Protecting your bank account Featured

7:00pm EDT January 30, 2006
It happens every day from Sacramento to Savannah — employees and strangers commit fraud, stealing businesses’ money. And with each person involved in a company’s finances, the organization becomes more exposed.

“It sounds scary,” says Catherine Iconis, forensic associate with accounting and consulting firm Tauber & Balser PC, “but there are a variety of things that companies can do, and that’s what make this less scary — you can protect yourself.”

Smart Business spoke with Iconis about how companies can identify, prevent and protect themselves against fraud against their bank accounts.

What kinds of bank account fraud should businesses be aware of?
A variety of fraud can be committed against your bank account, which is usually referred to as types of white collar crimes. First there’s check fraud, where checks are altered, counterfeited or forged.

But it’s not necessarily check fraud. Employees can forge or tamper with company checks or submit false invoices, among other schemes to defraud the company.

Who commits fraud against businesses?
Anyone can commit fraud against your bank account. There have even been instances of bank tellers stealing customer information. It is important to keep your account information under lock and key.

Limit who has access to checks and deposit slips. With employees, the more control they have, the more damage they can do.

What can companies do to recognize and identify fraud committed against their bank accounts?
Reconciling your bank account and looking at the cancelled checks, if available, is one of the most important things to do. Do it on a regular and consistent basis.

The Uniform Commercial Code has been revised so that businesses and individuals have a shared responsibility with their financial institution to detect fraud — review your customer or depository agreement to verify the time frame you have to identify fraud before you become personally responsible for losses. Sometimes it’s 30 days from when you get your bank statement, and sometimes it’s going to be less, sometimes it’s going to be more.

If you have a really good relationship with your banker, and know them on a first-name basis, you can call them up and say, ‘There’s this check that doesn’t look right,’ and they might be able to look into it more quickly.

And according to the Association of Certified Fraud Examiners’ 2004 Report to the Nation on Occupational Fraud and Abuse, anonymous tips are the No. 1 way that people find out about fraud. With Sarbanes-Oxley, they’re requiring publicly traded companies to have a confidential reporting mechanism now, such as a hotline or tipline.

While only publicly traded companies are required to have this, I recommend it to everyone. If you can afford having a service like that, have it, and not only have it available to employees, but to customers and vendors and other parties that might be aware of any fraud that’s happening to you, from outsiders or insiders.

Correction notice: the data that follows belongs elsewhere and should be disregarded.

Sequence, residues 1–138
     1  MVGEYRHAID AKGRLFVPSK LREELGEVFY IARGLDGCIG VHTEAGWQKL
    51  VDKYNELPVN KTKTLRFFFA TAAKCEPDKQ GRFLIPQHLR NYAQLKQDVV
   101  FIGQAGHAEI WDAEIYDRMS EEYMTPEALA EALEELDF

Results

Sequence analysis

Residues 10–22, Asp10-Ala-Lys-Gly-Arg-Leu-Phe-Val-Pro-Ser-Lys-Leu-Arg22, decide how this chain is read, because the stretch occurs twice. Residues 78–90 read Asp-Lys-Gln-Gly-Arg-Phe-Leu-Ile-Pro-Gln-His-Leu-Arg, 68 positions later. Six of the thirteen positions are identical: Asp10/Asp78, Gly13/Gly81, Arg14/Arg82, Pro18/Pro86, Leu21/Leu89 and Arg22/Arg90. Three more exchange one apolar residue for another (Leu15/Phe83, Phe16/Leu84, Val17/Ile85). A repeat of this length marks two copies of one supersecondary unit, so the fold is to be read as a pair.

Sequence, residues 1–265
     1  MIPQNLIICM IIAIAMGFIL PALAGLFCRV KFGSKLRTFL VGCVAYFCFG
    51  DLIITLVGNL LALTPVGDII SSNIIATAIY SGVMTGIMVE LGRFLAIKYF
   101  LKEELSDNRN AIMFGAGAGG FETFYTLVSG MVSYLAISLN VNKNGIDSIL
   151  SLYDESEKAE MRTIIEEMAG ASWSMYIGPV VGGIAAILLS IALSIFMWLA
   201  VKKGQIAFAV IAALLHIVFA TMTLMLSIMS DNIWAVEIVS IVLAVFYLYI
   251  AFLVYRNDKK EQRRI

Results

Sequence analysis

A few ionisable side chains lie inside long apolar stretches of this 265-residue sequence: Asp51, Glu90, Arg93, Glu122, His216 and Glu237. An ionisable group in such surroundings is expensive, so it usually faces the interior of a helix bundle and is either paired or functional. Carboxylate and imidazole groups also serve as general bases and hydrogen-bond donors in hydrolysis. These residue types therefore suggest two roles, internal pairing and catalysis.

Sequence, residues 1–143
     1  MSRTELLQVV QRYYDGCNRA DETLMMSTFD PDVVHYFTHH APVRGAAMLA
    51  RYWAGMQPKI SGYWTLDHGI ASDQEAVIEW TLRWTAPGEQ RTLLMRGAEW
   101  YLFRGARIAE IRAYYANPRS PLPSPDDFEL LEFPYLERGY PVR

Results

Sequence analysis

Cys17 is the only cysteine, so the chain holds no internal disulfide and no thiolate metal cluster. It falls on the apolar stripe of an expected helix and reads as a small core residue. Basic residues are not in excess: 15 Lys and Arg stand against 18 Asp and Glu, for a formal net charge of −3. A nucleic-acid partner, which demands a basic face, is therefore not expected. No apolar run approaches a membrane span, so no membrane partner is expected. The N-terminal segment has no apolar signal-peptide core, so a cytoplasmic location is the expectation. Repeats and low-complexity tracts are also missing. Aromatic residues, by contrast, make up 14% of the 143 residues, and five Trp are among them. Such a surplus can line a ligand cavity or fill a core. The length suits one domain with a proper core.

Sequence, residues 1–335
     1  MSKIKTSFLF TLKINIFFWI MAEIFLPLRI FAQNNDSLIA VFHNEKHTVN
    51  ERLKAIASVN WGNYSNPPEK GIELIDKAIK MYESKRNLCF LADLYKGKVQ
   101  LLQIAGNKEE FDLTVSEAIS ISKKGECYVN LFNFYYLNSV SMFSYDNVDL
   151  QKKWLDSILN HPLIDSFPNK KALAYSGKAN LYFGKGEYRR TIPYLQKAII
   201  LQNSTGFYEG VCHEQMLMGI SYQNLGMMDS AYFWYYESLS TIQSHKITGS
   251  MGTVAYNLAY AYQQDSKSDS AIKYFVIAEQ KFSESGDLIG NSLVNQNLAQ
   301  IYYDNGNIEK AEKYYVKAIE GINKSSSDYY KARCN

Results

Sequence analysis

How can companies protect themselves from bank account fraud?
Make sure you keep your account information as secure as possible. Limit access to that information, and have select personnel in charge. Try to split up the responsibilities there. A major issue is separation of duties; don’t give one person total control of the banking process. Also, reconcile your accounts consistently and make sure to shred information once you are done with it.

When it comes to people that are looking at that information or are in charge of that information, you want to do background checks on them. I think it’s extremely important for anyone that’s in charge of your bank account information. You’re putting a whole bunch of trust in these people.

Also, Hogan Personality Tests give the employer the candidates’ advantages and disadvantages or risk areas. And as another incentive, it helps reduce turnover costs.

Have your employees bonded with employee dishonesty insurance. This will protect you against a variety of fraud. If an employee steals anything or writes checks that weren’t authorized, you can file a claim and hopefully be reimbursed for that.

The problem with employee dishonesty insurance is that it can be really hard to prove. The best thing to do is to keep records of everything and have as much detail of everything that happened. The best claims are the ones that have an actual affidavit or confession attached to them, where the person says, ‘I did this; this is how I did it.’

Finally, consider the use of Positive Pay. This service allows you to submit a list of authorized checks to your bank so that the bank can verify checks before they are paid.

Catherine Iconis has worked at Tauber & Balser PC since 2002 as an associate on the forensic accounting services team. She is also a member of the real estate niche group. Reach her at (404) 814-4933 or ciconis@tbcpa.com.